Wow, that was just full of cheese and happiness.
August 16, 2011:
Quote of the day: “You’re like my top up sauce, Andrew. You make everything better.”
So I woke up this morning to rain and lots of mud. I have to walk to my training location, about 40 to 50 minutes away. It isn’t so bad under normal circumstances, but when it has rained all night it definitely puts a damper on the morning walk. I also found that I lost a sock somewhere in the night. It wasn’t so much that I lost a sock, but that I didn’t understand how I couldn’t find it. I looked all over my room and somehow my sock has completely disappeared. Not sure what to make of this, but its ok. I guess I can get over it.
Today in training I learned about water safety and proper techniques to have safe drinking water. Apparently when I get my house for Peace Corps, I get a completely empty house. This made me kind of nervous. I haven’t actually completely furnished a home before. I hope the people in my community or the people who are working with me in my organization can help me find things to furnish my place with. I have to keep remembering that people have done it in the past and continue to do it, so it shouldn’t be as big of an issue as I am making it out to be. I guess it is just that unknown aspect that is making me nervous.
Also in training we spoke a lot about poop and what it can tell you about your health. This comforted me because it made me realize I wasn’t the only one who was putting a lot of focus on my digestion. Your poop can say a great deal about your health and your dietary intake. It can tell you if you are eating nutritious foods and if you are having a stable diet. I have to say, your excretion is really the thing that says the most about you, not your trash!
In other news, my zipper broke on my bag, but I fixed it (although I pretty much ignored the rest of the water and sanitation session to do so). We also did a ridiculous human likert scale exercise which I always loathe doing. I guess it was nice to see where people stood, but at the same time I just don’t enjoy creating division and conflict between people in the group.
August 17, 2011:
Today was somewhat uneventful. It was raining pretty much all day. I showered in the rain and walked to school (training, but it feels more like school every day) in the rain. It is interesting to notice the dynamics between people in our training class. I can already see relationships forming between people. I also helped make dinner. That was fun. I always try and help make dinner but I didn’t even have the “trust” of my family, but I guess now I do, or at least they are willing to take the risk. All I really did was roll out the chapattis but at least I got to do something. I also got to cut the greens.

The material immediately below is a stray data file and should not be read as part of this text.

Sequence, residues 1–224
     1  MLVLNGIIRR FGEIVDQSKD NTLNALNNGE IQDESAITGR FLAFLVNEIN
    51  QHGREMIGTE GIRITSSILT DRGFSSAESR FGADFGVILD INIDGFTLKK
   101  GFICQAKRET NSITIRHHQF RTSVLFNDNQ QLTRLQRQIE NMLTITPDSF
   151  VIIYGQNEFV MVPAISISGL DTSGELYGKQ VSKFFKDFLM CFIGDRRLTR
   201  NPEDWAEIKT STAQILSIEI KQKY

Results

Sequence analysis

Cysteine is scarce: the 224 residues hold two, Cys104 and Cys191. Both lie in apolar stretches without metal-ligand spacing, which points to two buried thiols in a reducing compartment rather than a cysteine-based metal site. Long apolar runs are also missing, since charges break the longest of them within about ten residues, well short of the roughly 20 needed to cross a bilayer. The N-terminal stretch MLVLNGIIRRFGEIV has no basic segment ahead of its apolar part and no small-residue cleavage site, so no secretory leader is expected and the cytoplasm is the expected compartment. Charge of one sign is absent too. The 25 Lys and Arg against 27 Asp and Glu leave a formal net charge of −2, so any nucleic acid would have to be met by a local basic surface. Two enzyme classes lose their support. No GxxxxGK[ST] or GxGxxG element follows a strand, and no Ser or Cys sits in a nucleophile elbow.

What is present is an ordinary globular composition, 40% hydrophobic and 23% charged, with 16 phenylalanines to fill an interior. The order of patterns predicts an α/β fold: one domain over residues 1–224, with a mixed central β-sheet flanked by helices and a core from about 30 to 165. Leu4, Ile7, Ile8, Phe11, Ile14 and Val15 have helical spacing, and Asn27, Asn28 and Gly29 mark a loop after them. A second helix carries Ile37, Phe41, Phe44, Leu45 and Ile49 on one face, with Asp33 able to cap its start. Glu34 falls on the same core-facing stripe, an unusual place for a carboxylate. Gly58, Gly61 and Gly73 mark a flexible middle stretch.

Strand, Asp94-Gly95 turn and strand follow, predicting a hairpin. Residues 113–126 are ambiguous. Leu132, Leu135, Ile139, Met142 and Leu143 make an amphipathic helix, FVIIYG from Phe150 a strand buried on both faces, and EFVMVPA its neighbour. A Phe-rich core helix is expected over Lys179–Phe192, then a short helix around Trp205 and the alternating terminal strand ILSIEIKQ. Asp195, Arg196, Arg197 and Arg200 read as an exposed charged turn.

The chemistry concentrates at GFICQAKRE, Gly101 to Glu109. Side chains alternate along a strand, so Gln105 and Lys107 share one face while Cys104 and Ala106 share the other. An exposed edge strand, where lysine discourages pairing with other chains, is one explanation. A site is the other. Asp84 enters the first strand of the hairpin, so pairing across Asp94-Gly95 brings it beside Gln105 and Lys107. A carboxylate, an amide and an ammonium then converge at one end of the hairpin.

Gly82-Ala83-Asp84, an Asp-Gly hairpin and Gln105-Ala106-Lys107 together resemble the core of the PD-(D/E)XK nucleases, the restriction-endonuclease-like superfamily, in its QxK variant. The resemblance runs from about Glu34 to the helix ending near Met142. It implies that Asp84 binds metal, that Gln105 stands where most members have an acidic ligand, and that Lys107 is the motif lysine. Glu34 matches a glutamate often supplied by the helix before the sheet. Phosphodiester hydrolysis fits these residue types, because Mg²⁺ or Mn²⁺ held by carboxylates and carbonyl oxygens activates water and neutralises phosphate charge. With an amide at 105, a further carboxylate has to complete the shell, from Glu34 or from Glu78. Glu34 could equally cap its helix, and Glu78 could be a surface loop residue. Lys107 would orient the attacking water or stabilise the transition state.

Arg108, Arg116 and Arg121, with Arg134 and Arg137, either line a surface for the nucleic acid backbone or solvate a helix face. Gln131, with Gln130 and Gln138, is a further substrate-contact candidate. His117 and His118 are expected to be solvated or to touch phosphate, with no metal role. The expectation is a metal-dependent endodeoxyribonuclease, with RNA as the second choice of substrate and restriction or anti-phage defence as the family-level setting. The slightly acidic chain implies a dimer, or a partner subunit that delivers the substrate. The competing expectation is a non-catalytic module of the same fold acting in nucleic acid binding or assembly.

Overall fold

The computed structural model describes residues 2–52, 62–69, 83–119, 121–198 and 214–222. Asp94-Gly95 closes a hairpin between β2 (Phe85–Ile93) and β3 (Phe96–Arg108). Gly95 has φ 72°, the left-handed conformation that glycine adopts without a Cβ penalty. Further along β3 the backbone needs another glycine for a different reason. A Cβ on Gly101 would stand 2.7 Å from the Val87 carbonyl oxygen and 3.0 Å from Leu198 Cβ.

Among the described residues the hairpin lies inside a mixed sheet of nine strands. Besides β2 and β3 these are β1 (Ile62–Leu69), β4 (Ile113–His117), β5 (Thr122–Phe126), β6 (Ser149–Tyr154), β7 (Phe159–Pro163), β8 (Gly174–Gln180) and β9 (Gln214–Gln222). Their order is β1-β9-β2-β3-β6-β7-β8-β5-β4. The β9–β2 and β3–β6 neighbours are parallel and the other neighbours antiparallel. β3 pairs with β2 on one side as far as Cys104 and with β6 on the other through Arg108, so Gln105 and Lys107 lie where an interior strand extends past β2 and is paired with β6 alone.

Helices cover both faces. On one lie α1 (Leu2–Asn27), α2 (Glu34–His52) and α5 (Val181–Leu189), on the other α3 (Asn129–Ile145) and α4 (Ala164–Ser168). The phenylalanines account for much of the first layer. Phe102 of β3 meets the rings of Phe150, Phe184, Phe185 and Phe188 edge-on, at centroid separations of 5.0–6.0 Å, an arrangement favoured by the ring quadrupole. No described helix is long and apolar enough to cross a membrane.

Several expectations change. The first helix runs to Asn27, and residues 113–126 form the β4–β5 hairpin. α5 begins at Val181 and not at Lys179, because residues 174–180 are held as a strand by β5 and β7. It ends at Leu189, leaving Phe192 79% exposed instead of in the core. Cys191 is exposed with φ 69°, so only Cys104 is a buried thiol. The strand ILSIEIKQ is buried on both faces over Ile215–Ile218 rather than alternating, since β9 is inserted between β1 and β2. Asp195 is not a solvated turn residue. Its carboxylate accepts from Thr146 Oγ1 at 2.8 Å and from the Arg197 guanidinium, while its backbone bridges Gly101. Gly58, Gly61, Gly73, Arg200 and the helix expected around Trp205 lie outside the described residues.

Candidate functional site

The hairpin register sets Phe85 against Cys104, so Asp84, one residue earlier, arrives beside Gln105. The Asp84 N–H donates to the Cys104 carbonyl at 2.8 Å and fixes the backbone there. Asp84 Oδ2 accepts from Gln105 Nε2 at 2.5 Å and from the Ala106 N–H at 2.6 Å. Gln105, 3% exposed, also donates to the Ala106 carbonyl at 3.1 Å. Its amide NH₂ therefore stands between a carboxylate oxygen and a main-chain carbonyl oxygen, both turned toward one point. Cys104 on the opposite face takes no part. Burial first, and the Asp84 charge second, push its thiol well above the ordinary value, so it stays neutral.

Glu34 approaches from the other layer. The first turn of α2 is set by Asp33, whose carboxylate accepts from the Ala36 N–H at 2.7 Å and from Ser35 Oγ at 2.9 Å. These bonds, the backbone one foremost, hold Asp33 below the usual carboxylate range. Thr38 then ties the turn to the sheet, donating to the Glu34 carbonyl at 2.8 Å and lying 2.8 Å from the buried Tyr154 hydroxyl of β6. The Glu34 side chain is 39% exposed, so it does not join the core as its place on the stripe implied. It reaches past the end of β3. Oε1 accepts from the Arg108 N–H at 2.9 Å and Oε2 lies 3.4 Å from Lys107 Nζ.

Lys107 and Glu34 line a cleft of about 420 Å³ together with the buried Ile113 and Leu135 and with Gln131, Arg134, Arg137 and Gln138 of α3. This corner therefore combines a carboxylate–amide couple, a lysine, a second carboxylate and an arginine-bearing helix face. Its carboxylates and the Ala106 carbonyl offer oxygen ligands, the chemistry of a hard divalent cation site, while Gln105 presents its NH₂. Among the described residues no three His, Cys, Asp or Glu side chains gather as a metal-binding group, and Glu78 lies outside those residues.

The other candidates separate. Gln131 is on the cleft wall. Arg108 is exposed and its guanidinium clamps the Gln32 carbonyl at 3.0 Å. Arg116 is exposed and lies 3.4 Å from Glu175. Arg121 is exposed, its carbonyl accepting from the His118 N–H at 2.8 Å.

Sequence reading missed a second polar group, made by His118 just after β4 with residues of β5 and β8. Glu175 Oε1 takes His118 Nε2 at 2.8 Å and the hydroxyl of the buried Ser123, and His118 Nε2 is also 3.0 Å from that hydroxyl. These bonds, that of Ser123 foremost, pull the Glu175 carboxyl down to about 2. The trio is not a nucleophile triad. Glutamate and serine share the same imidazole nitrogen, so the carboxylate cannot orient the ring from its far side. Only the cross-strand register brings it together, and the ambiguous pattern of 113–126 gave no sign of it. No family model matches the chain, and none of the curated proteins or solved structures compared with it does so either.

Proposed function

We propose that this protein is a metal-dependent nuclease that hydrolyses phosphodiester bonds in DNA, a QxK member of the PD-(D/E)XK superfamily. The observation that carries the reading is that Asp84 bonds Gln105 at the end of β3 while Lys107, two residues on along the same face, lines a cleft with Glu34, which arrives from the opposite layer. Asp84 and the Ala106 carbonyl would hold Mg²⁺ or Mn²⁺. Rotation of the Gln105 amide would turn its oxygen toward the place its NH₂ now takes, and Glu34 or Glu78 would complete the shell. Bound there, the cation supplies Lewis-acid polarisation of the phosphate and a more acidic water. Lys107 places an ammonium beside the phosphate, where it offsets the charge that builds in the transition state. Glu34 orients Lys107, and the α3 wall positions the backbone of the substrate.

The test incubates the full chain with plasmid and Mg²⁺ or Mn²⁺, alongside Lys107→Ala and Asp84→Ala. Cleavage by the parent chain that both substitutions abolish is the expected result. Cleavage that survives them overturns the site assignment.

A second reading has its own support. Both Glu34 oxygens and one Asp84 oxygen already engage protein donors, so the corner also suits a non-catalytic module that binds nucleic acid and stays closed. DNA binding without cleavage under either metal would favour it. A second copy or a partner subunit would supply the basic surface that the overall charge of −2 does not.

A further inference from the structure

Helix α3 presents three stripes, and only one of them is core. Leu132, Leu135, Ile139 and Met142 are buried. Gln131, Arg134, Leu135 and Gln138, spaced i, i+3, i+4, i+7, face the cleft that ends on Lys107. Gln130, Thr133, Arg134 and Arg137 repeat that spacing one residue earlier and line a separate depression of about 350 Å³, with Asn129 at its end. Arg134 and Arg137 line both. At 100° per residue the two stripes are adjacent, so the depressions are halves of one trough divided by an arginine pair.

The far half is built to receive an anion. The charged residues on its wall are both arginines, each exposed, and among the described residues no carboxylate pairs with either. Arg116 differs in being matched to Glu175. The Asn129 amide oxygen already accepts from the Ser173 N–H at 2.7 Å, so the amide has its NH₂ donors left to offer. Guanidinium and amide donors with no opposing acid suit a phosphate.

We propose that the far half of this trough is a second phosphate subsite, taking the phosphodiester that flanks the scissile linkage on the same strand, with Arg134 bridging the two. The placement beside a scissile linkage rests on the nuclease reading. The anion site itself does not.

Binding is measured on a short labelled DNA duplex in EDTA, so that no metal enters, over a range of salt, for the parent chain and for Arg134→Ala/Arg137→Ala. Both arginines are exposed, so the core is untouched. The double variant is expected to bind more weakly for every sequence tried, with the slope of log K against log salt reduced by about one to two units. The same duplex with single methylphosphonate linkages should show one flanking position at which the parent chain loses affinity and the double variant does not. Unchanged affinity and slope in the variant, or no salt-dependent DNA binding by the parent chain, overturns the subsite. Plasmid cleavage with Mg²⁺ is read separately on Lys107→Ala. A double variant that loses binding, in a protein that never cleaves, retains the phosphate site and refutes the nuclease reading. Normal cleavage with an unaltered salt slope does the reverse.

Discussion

August 18, 2011:
Another uneventful day. I had a really nice HOT bath this morning. Carol, my host sister, made me something resembling a rolex for breakfast this morning. *Just a note: a rolex is not the watch, it is a chapatti rolled up with eggs, cabbage, and tomatoes.* I took some cheese for Andrew which he loved. Now EVERYONE wants me to bring cheese for them. I guess its lucky I got placed with a family in which the father worked at a dairy plant.
We had a stupid peer support session today. I guess I shouldn’t call it stupid because it is there to support our mental health, but it really bothered me. The first and the last activities were fine, talking about our feelings and doing a huge cinnamon bun hugging thing. The activity that bothered me was the “touching” activity where people in the center of the circle touched people who either helped them, supported them, they wanted to get to know better, or that they wanted to support. I only got touched on the last one, twice, and it really bothered me that no one wanted to get to know me and no one felt that I have helped them but they felt that I NEEDED help and support. I just rubbed me the wrong way.
I guess today wasn’t as uneventful after all.
August 19, 2011:
IT’S FRIDAY, FRIDAY, FRIDAY! After a nice rant to Donny, my neighbor, last night, I got over yesterday and had a pretty good Friday. We did a community assessment which went well and helped me get some real exposure to what I might be doing in the field. After the day of training many of us went to the orange bar. Warning, taking malaria medication and drinking is a BAD combination.
August 20, 2011:
Language lesson in the morning. I miss having Saturdays off.
I kind of made my host mom a little mad. I guess I didn’t inform her I wasn’t planning on bathing in the morning so when she had already fixed my hot water she was a little upset, but I caved and took a bath to make her happy. I was a little late for language class, but it was fine. I got a bounty (although I wish it were a snickers) and ended the day with a monsoon.
I love rainy season.